Movant asserts that her counsel was ineffective for failing to object to the amount of methamphetamine that the PSR attributed to her. Specifically, she urges that counsel should have challenged the PSR's conclusion that she was responsible for the 226.8 grams of methamphetamine that was delivered to Ayala at Movant's house and the additional 255.25 grams that Ayala possessed there. However, because the PSR correctly attributed those amounts of methamphetamine to Movant, she cannot show that counsel was deficient in not raising that objection. See United States v. Kimler, 167 F.3d 889, 893 (5th Cir. 1999) (“An attorney's failure to raise a meritless argument cannot form the basis of a successful ineffective assistance of counsel claim.”).

         The sentence for a defendant convicted of a drug offense is “based on the amount of drugs involved in the offense.” United States v. Rhine, 583 F.3d 878, 885 (5th Cir. 2009); see also U.S.S.G. § 2D1.1(a)(5), (c). That quantity includes both drugs with which the defendant was directly involved, and those drugs that can be attributed to the defendant under the United States Sentencing Guidelines § 1B1.3. Under Section 1B1.3, a defendant who engaged in a joint criminal activity is accountable for the other participants' acts that were (i) within the scope of the jointly undertaken criminal activity, (ii) in furtherance thereof, and (iii) were reasonably foreseeable in connection with that activity. And, in drug cases like this one, the defendant is accountable for the contraband that was the object of that jointly undertaken activity. See U.S.S.G. § 1B1.3, cmt. n. 3.

         Movant alleges that there was no evidence from which the Court could conclude that she and Ayala jointly undertook a scheme to sell drugs. But Movant pleaded guilty to maintaining a house that Ayala would use to sell methamphetamine. Movant also signed a factual resume admitting that she let Ayala, and others, use her house to sell methamphetamine, and, in exchange, Ayala gave Movant methamphetamine. Moreover, the PSR stated that Movant had driven Ayala to her methamphetamine supplier to obtain methamphetamine, deposited methamphetamine in her mailbox for one of Ayala's customers, and, on several occasions, delivered methamphetamine to Ayala's customers. The Court could properly rely on that information from the PSR, see United States v. Alaniz, 726 F.3d 586, 619 (5th Cir. 2013), to determine that Movant and Ayala jointly undertook a criminal plan to sell methamphetamine from Movant's house. See U.S.S.G. § 1B1.3, cmt. n. 3(B) (determining the scope of the jointly undertaken criminal activity involves considering “any explicit agreement or implicit agreement fairly inferred from the conduct of the defendant and others.”).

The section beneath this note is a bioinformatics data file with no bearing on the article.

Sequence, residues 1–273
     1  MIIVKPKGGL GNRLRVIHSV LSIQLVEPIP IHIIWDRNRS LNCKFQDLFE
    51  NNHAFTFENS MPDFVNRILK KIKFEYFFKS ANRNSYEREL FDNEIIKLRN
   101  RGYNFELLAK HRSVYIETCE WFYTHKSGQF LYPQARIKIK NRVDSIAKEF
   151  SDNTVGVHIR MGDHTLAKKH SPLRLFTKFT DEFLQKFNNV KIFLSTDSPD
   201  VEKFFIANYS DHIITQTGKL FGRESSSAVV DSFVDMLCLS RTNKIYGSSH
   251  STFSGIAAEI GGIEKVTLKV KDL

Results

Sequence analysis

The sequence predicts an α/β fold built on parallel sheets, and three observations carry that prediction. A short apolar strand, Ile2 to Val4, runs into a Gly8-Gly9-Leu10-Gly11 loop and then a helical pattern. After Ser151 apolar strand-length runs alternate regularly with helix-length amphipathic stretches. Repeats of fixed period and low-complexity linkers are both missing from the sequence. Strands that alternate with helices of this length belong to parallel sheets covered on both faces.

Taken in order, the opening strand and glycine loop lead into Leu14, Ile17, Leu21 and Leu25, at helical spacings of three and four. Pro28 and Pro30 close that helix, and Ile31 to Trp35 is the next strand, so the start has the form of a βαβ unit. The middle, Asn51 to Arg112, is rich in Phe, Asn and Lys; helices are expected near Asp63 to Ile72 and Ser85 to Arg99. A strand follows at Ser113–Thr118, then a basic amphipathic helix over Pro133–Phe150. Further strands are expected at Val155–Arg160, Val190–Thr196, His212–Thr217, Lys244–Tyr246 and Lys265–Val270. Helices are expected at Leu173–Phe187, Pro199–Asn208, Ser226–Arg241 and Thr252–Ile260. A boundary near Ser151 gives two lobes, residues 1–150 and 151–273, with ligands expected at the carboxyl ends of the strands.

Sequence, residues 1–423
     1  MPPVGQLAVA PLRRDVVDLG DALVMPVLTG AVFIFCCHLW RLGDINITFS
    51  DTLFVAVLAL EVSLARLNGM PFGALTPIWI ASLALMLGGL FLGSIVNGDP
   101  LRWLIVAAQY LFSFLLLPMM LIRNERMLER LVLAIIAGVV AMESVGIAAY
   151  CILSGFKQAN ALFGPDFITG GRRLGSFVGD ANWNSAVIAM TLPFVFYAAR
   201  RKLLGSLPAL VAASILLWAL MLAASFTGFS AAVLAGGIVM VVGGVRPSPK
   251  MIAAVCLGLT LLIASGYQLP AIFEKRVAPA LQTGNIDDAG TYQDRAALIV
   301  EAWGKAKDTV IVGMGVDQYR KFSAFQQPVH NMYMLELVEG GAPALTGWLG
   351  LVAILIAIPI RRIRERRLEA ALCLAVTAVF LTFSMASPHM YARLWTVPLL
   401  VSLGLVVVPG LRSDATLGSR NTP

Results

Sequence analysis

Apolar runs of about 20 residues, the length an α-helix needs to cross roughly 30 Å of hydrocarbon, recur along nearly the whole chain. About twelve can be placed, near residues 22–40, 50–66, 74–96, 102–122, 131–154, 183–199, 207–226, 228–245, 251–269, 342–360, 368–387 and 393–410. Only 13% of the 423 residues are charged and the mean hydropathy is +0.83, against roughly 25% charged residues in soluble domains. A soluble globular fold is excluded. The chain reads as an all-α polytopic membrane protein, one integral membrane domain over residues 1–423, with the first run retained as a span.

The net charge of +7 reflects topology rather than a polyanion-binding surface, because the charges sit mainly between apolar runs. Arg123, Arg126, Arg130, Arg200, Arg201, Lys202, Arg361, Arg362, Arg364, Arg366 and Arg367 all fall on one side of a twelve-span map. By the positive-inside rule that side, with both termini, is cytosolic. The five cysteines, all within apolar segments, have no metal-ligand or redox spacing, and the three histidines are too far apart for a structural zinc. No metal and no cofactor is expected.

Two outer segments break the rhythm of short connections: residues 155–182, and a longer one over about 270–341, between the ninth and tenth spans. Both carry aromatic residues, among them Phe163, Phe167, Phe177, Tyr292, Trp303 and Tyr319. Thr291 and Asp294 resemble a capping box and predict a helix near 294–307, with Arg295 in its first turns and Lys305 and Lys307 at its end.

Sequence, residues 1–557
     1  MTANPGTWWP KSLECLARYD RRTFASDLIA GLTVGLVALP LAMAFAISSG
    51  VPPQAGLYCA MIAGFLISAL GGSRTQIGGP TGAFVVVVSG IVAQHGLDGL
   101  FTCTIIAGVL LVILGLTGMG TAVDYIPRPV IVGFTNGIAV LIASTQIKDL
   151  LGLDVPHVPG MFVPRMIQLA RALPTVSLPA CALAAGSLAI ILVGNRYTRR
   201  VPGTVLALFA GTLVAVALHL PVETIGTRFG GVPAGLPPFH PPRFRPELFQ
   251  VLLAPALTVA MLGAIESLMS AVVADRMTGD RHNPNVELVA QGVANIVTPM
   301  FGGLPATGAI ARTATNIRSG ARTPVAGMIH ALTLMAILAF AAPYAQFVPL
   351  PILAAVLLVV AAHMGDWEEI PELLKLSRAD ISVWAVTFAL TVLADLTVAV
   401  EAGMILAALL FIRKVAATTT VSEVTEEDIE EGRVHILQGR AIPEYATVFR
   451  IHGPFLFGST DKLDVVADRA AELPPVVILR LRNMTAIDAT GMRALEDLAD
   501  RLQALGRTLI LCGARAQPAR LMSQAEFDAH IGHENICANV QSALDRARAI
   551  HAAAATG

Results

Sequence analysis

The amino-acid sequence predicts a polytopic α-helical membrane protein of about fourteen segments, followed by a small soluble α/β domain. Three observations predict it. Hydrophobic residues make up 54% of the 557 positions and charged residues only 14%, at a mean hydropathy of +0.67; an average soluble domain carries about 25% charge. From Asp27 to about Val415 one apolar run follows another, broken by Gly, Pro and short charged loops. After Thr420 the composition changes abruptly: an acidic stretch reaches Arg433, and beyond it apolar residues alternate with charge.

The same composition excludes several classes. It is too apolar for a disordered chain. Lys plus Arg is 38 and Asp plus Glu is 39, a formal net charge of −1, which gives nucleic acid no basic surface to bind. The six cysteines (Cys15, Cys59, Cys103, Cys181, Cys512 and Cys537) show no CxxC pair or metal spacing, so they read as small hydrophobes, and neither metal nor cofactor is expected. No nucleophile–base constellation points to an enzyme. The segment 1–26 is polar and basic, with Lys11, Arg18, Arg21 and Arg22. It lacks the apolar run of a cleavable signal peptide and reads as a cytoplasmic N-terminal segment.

Moreover, given the joint criminal activity undertaken by Ayala and Movant, the large amounts of methamphetamine that Ayala possessed-and those that were delivered to her at Movant's house-were both properly attributed to Movant. Ayala's possession of that methamphetamine fell squarely within the scope of the plan to sell methamphetamine from Movant's house. Ayala received, possessed, and stored methamphetamine there to further that jointly undertaken activity, and those actions were reasonably foreseeable in light of it. Therefore, those amounts were properly attributable to Movant under Section 1B1.3.

         Because the PSR correctly held Movant accountable for both of the challenged amounts of methamphetamine, her counsel did not act ...